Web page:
Mad Teddy's Variation on J.S.Bach's Three-Part Invention No.2

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Variation on J.S.Bach's Three-Part Invention No.2 in C minor, BWV 788

Copyright 1998 by Mad Teddy

Johann Sebastian Bach, 1685-1750

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Although there was a piano in our family home when I was a school-kid, I never learned to play it properly. I could pick out a tune OK, using the right hand to play the melody and the left to "vamp" the chords (having taught myself about chords via the guitar). However, I never progressed beyond a somewhat "plonky" style, which I knew was pretty ordinary.

In 1994, I decided that it was high time I made an attempt to do something about it. I took lessons for a while, but with little success. Advancing age, combined with decades of bad playing habits and an inability to read music fluently (not helped by my less-than-brilliant eyesight), meant that I made very little progress. I did arrive at a point where I could play Enya's delightful "Watermark" as written, but only hesitantly and with difficulty.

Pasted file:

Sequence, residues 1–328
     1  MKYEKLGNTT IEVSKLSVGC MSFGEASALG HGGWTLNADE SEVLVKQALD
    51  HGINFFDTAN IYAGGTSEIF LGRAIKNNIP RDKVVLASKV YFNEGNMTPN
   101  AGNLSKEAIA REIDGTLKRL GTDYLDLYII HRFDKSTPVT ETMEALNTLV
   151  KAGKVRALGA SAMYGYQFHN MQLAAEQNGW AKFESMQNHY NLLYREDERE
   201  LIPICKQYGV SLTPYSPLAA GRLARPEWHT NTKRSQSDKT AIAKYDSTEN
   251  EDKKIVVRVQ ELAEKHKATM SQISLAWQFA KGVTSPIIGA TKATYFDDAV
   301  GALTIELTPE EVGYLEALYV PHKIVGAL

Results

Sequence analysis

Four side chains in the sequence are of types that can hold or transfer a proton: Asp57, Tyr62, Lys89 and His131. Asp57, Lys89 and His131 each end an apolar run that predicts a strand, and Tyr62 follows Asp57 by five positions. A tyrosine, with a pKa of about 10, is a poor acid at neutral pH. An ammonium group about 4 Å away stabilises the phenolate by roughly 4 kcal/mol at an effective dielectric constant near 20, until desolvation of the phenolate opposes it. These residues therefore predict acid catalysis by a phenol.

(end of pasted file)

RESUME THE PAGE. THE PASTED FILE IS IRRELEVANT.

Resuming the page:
Eventually, I gave up the lessons. That's all right - I've still got my guitar (now where have we heard THAT before??!).

Just for interest, while I was still taking lessons, my teacher once played Johann Sebastian Bach's Three-Part Invention in C minor for me. I liked it, sadly noting that performance of the piece was forever out of my reach.

When we acquired our first PC a couple of years later, I typed Bach's little gem into Noteworthy Composer, and "played around" with it a bit. I made the first voice a clarinet; the second, an ocarina; and the third, a sitar. I also added a silly "tsssh dit-de tsssh dit-de..." swing cymbal line, thus transforming it into a four-part invention - with an even sillier "ta-ter-tum" patter on the drums at the end.

Would old J.S. have approved?

Well, this is not the first time someone's had some fun with his music. Remember "Switched-On Bach", by Walter Carlos, from 1968? This was an album of Bach pieces played on a Moog synthesizer. Some liked it; some didn't - but that's always been the way, n'est-ce pas?

I think Bach would have been amused by it; and I like to think he might also have been slightly tickled by my little effort here...

Here's a link to the midi file, bach_var.mid:

(To save this midi file to your hard disc, right-click here.)

If you'd like to see the musical notation with all the detail I included in the original, you can right-click to download the Noteworthy Composer file, bach_var.nwc . If you go to Noteworthy's website, you can download their freeware Noteworthy Player, which will play the file for you.

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